The Ombudsman of the Washington Post has this to say about “innovation”: “I’m wondering, and readers are too, whether there’s just a bit too much innovation, too fast.” Aren’t we all always wondering that? Isn’t that what Facebook and Twitter feeds devolve into every month? There’s always something new that is the straw that broke the camel’s back. Andy Rooney made a pretty great living off just that sentiment for, I don’t know, thirty years? But not even Andy Rooney was against innovation for innovation’s sake (well, maybe sometimes — but only because there was a paycheck in it for him) and I don’t think that Pexton is, either.
What Pexton is arguing against isn’t exactly “too much innovation”: what he labels innovations are really just adjustments to form that the Post is making to reach the audience it once had without really even thinking about form. You got your news from a newspaper, and the Post was a newspaper. But now people get their news from all over, and so the Post is trying to get itself into many of those places. So, great. But he’s right, too — they don’t seem to have given much thought to what these new forms should do, only what they can do.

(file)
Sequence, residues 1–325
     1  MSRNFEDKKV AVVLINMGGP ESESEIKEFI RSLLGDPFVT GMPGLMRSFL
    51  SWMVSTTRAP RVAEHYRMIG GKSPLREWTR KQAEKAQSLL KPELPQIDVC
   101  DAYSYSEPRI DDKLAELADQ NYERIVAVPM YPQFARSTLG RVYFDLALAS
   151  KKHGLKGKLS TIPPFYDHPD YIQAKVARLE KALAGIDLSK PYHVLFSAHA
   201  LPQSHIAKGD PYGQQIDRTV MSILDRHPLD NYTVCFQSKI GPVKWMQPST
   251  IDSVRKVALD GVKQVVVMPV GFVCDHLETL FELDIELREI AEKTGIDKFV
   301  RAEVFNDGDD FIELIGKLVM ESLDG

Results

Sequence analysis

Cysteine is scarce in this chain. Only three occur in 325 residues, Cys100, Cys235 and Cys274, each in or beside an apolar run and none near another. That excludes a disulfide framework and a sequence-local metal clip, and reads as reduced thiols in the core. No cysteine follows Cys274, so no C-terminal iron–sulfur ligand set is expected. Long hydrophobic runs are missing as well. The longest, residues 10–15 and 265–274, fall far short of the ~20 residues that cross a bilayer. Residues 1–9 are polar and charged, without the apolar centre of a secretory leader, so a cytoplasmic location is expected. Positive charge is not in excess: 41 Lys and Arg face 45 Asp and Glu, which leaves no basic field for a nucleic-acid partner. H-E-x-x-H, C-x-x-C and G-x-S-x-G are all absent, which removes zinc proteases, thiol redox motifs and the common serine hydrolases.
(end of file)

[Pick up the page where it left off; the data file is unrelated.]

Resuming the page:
After the jump, what happens when you get wrapped up in the packaging, in the form. Continue reading
Ann Hornaday of the Washington Post has trashed the movie version of The Road. And the fault lies with – the book’s author?? Yes, read below:
Even with the momentary visual relief of flashbacks to an earlier happier life (featuring a lambent Charlize Theron), “The Road” finally resembles little more than a highfalutin’ zombie movie with literary pretensions. Director John Hillcoat (“The Proposition”) deserves no blame for this; he has delivered a handsome, respectful production that will surely please fans of the book. The problem is McCarthy and his gothic, self-serious sense of melodrama. At its best, “The Road” offers a profound portrait of parental devotion and a child’s instinctive love of mercy and justice and gratitude, but McCarthy’s fatal sense of cruelty and hyperbole make the trip a bummer.
Wow. She also praises the actors-the whole review HERE. Let me get this straight-it’s okay that this film crew, lead by director John Hillcoat, made a movie, they gave it valiant try, but they were hoodwinked by the material. They didn’t know it was such a cruel book. (By the way, did anyone tell Ann Hornaday this film was set after a nuclear holocaust? It’s a shame the set designers failed in their attemtps to make the United States look that way.) ‘McCarthy’s fatal sense of cruelty?’ she says. Don’t many senses of cruelty end in death?